The most astonishing revelation about the missile came from the commentator during the live TV broadcast of the military parade, who said that the DF-26 could conduct precision strike against both crucial land targets as well as medium and large naval vessels. The introduction of a second conventional ASBM system has extended the outer edge China’s layered defence posture against potential offshore threats far beyond the previously estimated 1,500—2,000 km range offered by the DF-21D.

DF-31A Intercontinental Ballistic Missile

The 20th formation featured the DF-31A (CSS-9, Mod-2), a road-mobile, nuclear-armed, three-stage, solid-fuel ICBM system that entered service with the Second Artillery Corps around 2008. The missile was an improved variant of the DF-31 ICBM introduced in the 1990s. Despite the various speculations about the DF-31A’s MIRV capability, it is believed that the missile only carries a single 1MT yield thermonuclear warhead, with an estimated range of 10,700~11,200 km.

DF-31A Intercontinental Ballistic Missile

The DF-31A was first unveiled to the public in the National Day Military Parade in 2009. The U.S. DoD Report on the PRC Military Power in 2009 estimated that around 15 missiles were in operational service with the Second Artillery Corps.

DF-5B Intercontinental Ballistic Missile

The last formation of the SAC featured the DF-5B (CSS-4 Mod 3) ICBM, a silo-based, two-stage, liquid-fuel ICBM system with an estimated range of 10,000–13,000 km. The original DF-5 developed in the 1970s was China’s first ballistic missile system to be capable of reaching targets in North America. It also formed the base rocket for China’s Chang Zheng (CZ, or Long March) 2/3/4 families of space launchers. The missile was first displayed in the 1984 National Day Military Parade.

DF-5B second-stage and warhead carried inside a canister container during the parade

DF-5B first-stage carried inside a canister container during the parade

The latest B variant of the DF-5 is believed to have been given the Multiple Independently Targetable Reentry Vehicle (MIRV) capability, with each missile carrying three nuclear warheads. The U.S. DoD report on the PRC military power in 2015 revealed for the first time that China had begun to deploy the MIRV-equipped DF-5B.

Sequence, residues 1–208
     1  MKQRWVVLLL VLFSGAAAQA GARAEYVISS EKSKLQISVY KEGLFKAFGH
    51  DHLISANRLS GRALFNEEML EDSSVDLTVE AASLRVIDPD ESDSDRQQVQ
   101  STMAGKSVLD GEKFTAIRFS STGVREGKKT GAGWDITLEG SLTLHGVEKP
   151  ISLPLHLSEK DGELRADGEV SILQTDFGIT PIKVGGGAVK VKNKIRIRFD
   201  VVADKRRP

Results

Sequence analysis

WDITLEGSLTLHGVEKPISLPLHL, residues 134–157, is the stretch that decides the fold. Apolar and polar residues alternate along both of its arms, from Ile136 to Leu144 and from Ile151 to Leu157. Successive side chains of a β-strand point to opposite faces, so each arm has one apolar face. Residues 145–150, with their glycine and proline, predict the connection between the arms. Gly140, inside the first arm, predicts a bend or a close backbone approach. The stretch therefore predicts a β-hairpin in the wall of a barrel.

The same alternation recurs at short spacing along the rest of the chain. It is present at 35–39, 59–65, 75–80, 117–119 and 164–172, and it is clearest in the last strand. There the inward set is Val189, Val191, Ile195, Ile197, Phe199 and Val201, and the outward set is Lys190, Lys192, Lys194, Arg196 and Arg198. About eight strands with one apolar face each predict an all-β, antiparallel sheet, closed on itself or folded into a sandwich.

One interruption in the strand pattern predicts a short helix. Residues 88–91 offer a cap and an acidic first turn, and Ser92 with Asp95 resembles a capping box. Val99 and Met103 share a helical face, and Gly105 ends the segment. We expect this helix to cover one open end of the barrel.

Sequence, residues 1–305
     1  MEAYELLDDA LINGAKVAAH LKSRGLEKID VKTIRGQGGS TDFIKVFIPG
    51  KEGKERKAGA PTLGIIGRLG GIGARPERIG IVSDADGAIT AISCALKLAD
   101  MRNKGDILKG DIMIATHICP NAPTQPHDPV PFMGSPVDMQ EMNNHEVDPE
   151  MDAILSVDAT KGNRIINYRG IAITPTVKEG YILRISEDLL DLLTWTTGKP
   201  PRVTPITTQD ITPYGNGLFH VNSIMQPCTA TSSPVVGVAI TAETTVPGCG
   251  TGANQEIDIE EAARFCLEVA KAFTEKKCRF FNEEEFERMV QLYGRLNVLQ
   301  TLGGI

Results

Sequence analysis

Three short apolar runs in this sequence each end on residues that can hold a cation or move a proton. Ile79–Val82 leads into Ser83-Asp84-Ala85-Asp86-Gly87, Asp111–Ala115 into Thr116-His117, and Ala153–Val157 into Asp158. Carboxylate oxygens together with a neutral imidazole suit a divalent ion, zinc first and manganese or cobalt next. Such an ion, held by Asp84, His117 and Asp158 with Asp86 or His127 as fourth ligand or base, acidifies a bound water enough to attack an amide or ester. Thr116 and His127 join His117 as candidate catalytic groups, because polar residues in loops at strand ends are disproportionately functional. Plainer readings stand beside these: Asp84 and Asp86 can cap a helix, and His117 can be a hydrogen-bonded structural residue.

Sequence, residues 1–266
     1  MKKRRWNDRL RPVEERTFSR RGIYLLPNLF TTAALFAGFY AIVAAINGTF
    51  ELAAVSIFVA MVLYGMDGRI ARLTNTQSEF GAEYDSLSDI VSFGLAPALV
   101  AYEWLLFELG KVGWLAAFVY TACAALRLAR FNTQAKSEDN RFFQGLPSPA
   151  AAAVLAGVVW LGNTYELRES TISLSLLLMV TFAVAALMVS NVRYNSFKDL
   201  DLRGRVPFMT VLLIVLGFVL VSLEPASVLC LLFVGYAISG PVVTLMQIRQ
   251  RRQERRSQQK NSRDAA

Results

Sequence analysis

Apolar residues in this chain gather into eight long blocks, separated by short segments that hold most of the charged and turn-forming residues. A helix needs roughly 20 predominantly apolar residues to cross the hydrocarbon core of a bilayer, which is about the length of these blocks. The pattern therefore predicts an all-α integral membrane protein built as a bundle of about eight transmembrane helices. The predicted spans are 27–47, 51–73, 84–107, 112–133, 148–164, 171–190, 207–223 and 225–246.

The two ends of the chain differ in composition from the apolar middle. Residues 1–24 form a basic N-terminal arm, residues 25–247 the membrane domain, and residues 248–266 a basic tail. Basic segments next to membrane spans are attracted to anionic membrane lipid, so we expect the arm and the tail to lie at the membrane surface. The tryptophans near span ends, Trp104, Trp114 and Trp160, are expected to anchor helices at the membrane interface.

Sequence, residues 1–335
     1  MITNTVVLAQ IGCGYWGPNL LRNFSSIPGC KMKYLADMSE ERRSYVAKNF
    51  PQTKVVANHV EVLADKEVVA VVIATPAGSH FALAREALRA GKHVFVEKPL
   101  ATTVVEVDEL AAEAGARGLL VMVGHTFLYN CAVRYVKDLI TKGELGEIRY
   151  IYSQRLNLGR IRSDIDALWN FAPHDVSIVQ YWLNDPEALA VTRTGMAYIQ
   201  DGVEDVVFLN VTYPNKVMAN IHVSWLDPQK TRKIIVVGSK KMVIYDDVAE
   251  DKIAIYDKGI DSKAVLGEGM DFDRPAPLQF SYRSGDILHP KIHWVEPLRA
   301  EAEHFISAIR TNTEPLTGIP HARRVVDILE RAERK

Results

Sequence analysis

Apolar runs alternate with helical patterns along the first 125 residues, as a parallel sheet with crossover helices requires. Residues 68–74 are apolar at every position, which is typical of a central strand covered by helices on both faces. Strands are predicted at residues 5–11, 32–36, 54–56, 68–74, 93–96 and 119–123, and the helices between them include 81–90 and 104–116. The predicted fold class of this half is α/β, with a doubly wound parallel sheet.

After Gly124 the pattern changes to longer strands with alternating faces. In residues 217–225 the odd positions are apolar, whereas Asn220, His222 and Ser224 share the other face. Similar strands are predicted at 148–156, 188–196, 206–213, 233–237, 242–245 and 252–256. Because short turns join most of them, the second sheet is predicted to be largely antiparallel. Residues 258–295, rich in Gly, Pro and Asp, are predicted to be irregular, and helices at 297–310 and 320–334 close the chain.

The seven missile types displayed in the 3 September Military Parade reflect the PLA’s continuing trend to develop and upgrade the conventional missile component of the Second Artillery Corps, which was first created two decades ago and now several times as large as the Corps’ nuclear arsenal. The conventional missile force provides an operational-tactical and strategic capability in-theatre without the political and practice constraints associated with nuclear-armed missiles.

Secondly, the Corps’ emerging inventory of conventional anti-ship ballistic missile (ASBM) and land-attack cruise missile (LACM) provides the PLA extra employment options in its development of anti-access/anti-denial (A2AD) capability in the Asia-Pacific region. In a potential escalation of a conflict in the Taiwan Strait, the South China Sea, and the East China Sea, the PLA will be more willing to launch a conventional missile strike against U.S. or its allied forces and bases in the Western Pacific region, including potential ASBM series against U.S. Navy aircraft carrier.

Thirdly, the missiles in display do not represent all of the latest designs in the Second Artillery Corps’ inventory. Some even newer missile models, notably the DF-41 (CSS-X-10) ICBM and the DF-31B (CSS-9, Mod 3), were absent in the parade and may have been kept as ‘surprise guests’ for the National Day Military Parade in 2019.

About The Author:

David Xia of SinoDefence.com and can be reached through email - sinodefenceblog@gmail.com | Thomson Reuters Researcher ID : L-1240-2015


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IndraStra Global: FEATURED | A Comprehensive Analysis of Chinese Ballistic Missile Systems Displayed on Victory Day Parade by David Xia, SinoDefence
FEATURED | A Comprehensive Analysis of Chinese Ballistic Missile Systems Displayed on Victory Day Parade by David Xia, SinoDefence
IndraStra Global